by Dennis Crouch
Oracle v. Google (N.D. Cal. 2012)
Oracle and Google are battling over whether Google improperly relied on Java OS code when developing its Android operating system. The intellectual property rights associated with Java are now owned by Oracle, who purchased Sun Microsystems in 2009. Although there are some factual disputes, a jury recently concluded that Google did indeed copy and use portions the Java code. However, the jury could not decide whether the use was improper or whether it instead should be considered an appropriate fair use.
In addition to being protected by copyright, the same Java code is also (allegedly) protected by patents owned by Oracle. Thus, Oracle has argued that Google’s actions constitute both copyright and patent infringement.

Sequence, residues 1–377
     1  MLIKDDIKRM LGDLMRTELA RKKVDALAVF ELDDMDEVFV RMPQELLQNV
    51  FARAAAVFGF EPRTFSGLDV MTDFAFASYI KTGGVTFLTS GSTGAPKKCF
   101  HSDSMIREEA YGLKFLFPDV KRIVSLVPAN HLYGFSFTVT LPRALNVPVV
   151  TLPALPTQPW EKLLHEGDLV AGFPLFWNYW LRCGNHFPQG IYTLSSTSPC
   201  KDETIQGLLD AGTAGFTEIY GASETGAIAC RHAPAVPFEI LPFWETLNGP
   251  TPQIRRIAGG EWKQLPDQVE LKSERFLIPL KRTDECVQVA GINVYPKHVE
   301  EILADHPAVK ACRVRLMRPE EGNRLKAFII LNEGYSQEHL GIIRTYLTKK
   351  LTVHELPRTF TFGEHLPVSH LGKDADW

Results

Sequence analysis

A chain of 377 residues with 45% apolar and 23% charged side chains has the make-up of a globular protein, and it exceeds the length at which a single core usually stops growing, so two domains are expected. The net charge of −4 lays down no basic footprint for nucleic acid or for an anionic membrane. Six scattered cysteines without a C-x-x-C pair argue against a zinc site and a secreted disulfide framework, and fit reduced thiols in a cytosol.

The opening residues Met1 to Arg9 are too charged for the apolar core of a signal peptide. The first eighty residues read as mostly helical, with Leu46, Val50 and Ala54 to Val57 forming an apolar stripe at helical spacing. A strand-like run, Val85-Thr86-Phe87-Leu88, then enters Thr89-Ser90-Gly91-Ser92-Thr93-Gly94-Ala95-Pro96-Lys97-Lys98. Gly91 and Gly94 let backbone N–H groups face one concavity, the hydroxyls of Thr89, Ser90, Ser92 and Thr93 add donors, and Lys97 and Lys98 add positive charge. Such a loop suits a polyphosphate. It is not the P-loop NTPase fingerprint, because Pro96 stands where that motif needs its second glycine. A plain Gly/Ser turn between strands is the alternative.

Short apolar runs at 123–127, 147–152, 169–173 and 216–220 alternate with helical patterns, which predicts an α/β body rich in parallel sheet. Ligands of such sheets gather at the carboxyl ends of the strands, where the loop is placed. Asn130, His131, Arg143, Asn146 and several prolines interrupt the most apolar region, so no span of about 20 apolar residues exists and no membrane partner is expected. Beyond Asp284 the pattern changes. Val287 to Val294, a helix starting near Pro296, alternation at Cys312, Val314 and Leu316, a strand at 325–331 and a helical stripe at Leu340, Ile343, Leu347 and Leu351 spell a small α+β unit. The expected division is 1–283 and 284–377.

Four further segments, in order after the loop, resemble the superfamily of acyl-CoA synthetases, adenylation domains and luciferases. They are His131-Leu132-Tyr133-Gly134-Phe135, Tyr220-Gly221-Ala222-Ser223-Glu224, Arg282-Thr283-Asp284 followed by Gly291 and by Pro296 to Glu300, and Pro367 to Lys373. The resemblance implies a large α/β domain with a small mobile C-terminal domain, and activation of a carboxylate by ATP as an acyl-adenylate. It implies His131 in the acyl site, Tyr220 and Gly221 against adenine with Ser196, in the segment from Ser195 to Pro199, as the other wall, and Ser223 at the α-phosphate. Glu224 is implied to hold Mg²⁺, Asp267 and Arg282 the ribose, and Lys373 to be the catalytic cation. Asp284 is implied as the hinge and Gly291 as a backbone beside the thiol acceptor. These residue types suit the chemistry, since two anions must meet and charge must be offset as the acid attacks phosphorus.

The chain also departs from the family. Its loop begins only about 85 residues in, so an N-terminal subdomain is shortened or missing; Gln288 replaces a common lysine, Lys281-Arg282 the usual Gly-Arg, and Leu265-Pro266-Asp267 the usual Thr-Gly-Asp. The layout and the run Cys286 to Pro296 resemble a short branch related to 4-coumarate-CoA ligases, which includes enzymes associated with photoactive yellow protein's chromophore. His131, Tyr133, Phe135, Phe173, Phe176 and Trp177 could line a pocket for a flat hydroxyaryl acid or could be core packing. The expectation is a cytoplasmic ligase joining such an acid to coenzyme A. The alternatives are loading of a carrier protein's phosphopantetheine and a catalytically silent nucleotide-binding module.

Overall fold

Although pre-software, the Supreme Court has written some about the overlap between various intellectual property rights. In Mazer v. Stein, 347 U.S. 201 (1954), the Supreme Court stated refused to hold that mere patentability of a lamp structure did not preclude the creator from obtaining copyright protection. Mazer focused on potential protectability and does not address whether an entity can properly claim and/or assert both copyright and patent rights over the same subject matter as Oracle appears to be doing here. In addition, there is some suggestion from the case that the Supreme Court was talking about design patents rather than utility patents. In other contexts, the Supreme Court has been hostile to overlapping IP rights. See, most recently, Dastar Corp. v. Twentieth Century Fox Film Corp., 539 U.S. 23 (2003) and TrafFix Devices, Inc. v. Marketing Displays, Inc., 532 U.S. 23 (2001).